Carbon dioxide has been a driver of the world’s climate for millions of years. It is a greenhouse gas that absorbs heat radiated from Earth rather than letting the heat escape into space. So, carbon dioxide in the atmosphere helps to warm the Earth to a comfortable temperature.
A problem arises when too much carbon dioxide is in the atmosphere. The Earth gets warmer than we want. We cannot blame this on Mother Nature. Left to nature there would be just the right amount of carbon dioxide in the atmosphere. The real culprit is us. Through our activities the amount of carbon dioxide in the atmosphere has expanded, causing the Earth’s temperature to rise and the climate to change.
Carbon dioxide is the most prevalent long-lived greenhouse gas. Emissions come from decomposed plants and animals stored deep in the earth. The carbon is brought to the Earth’s surface where it is emitted into the atmosphere through the process of burning. The carbon can be in a solid form (coal), liquid form (crude oil), or gaseous form (natural gas).
While the pre-industrial atmospheric carbon dioxide concentration was about 280 parts per million, or ppm, current measurements show the concentration is above 400 ppm. The atmosphere now contains more carbon dioxide than at any time in the last 420,000 years and possibly the last 20 million years. With strong economic growth and no limits on carbon dioxide emissions, scientists predict atmospheric concentration could reach 600 ppm by 2050. In addition, once carbon dioxide is emitted, it stays in the atmosphere for centuries.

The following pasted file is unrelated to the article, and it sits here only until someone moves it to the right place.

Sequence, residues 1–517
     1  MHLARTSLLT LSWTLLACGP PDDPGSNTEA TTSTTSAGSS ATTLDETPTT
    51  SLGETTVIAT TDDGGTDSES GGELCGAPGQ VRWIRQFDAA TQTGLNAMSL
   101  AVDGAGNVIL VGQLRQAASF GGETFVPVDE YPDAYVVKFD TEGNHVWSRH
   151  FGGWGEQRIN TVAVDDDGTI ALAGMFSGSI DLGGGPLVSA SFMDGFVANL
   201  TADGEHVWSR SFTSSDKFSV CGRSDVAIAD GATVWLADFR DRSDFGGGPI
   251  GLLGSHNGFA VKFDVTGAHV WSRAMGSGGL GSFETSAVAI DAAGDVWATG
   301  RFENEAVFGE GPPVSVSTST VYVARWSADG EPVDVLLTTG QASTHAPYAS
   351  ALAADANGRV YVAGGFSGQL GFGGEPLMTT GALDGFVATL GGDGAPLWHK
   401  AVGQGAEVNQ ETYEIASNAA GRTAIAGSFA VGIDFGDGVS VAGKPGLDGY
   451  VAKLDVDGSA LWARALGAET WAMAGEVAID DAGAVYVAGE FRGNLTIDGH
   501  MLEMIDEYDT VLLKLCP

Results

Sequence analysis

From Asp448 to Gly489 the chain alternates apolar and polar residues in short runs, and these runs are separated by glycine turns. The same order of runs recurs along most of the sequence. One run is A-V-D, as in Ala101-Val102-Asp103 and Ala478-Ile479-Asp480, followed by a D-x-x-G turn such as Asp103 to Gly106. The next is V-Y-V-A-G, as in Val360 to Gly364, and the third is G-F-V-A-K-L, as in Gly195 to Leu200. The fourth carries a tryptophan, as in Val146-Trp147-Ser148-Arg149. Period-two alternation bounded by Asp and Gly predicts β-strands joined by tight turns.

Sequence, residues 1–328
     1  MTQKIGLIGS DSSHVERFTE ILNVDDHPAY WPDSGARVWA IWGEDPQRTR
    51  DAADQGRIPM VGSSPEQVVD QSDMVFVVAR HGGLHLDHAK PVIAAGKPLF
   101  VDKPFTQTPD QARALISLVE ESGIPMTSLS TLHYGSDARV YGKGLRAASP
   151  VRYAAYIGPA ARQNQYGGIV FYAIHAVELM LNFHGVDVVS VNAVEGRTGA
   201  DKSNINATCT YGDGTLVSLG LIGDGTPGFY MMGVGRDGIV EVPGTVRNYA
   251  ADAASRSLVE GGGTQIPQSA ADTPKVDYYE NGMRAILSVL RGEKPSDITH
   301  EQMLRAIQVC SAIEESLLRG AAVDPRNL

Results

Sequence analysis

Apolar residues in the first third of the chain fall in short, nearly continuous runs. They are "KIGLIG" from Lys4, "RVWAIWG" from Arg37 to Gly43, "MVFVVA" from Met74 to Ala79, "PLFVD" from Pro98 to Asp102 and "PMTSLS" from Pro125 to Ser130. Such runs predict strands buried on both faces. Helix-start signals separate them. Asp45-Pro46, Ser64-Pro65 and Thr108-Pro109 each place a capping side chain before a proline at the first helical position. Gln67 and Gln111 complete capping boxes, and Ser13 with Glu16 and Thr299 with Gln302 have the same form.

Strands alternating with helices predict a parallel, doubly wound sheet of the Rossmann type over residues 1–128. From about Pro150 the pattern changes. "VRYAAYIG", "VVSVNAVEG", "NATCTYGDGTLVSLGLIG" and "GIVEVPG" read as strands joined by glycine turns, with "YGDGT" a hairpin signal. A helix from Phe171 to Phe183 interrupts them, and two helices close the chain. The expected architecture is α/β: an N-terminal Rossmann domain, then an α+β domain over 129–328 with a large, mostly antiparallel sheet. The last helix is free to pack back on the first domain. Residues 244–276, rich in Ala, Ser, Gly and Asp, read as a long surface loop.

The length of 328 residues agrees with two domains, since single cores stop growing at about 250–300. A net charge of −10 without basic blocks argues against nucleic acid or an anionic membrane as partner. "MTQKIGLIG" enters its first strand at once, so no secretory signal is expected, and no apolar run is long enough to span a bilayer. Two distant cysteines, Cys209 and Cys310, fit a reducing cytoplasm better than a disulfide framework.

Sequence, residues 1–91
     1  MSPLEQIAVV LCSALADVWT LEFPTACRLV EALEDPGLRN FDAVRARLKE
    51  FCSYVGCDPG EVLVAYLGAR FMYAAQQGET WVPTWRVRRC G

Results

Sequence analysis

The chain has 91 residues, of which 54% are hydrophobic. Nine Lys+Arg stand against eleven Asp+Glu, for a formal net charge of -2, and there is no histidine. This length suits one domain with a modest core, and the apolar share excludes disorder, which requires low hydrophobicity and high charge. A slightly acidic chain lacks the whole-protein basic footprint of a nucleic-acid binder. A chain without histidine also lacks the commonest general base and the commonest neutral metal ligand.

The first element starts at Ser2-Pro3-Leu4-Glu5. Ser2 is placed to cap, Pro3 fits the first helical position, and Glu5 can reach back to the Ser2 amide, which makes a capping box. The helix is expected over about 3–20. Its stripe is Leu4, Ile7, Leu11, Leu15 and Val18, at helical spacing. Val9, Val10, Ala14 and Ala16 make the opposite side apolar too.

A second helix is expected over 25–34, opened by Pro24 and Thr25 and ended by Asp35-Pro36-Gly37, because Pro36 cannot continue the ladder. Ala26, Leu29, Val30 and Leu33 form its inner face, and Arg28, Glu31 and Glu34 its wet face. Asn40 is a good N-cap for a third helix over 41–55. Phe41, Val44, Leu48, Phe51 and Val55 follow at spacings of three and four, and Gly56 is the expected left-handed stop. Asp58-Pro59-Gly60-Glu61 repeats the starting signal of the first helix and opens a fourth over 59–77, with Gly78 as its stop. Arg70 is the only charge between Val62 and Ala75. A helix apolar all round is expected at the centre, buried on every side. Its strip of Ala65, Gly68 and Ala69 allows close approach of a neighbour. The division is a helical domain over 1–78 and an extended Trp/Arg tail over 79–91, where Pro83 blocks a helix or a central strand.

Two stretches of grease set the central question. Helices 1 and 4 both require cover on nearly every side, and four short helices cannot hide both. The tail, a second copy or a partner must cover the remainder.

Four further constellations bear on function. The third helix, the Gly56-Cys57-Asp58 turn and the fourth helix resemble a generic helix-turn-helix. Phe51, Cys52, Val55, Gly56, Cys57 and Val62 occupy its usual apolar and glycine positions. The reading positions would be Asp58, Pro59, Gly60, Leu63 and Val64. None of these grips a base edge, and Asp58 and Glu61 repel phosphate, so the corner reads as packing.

Atmospheric carbon dioxide has an important natural cycle that is critical for plant life on earth. Crops, trees and the flowers in your back yard use the process of photosynthesis to grow and flourish. Photosynthesis takes carbon dioxide from the air and uses it to build the plant. When the plants die and decompose, the carbon dioxide is released back into the atmosphere.
So, the flowers in your back yard take carbon dioxide out of the air in the spring and summer when they grow and release it back into the atmosphere when they die in the fall. But this annual fluctuation should not be confused with the long-term upward trend in atmospheric carbon dioxide over many years.
The earth’s carbon-cycling biosphere was in balance with the atmospheric carbon dioxide before humans began releasing massive amounts by burning fossil fuels. The global biosphere is unable to take up this rapid increase. For example, each Iowan contributes about 30 tons of carbon dioxide to the atmosphere each year, which would require growth to maturity of several trees each year to avoid adding carbon dioxide to the atmosphere.
Don Hofstrand is a retired agricultural economist from Iowa State University Extension. During the last few years of his work life, he focused on renewable energy and climate change. He and his wife live in Mason City.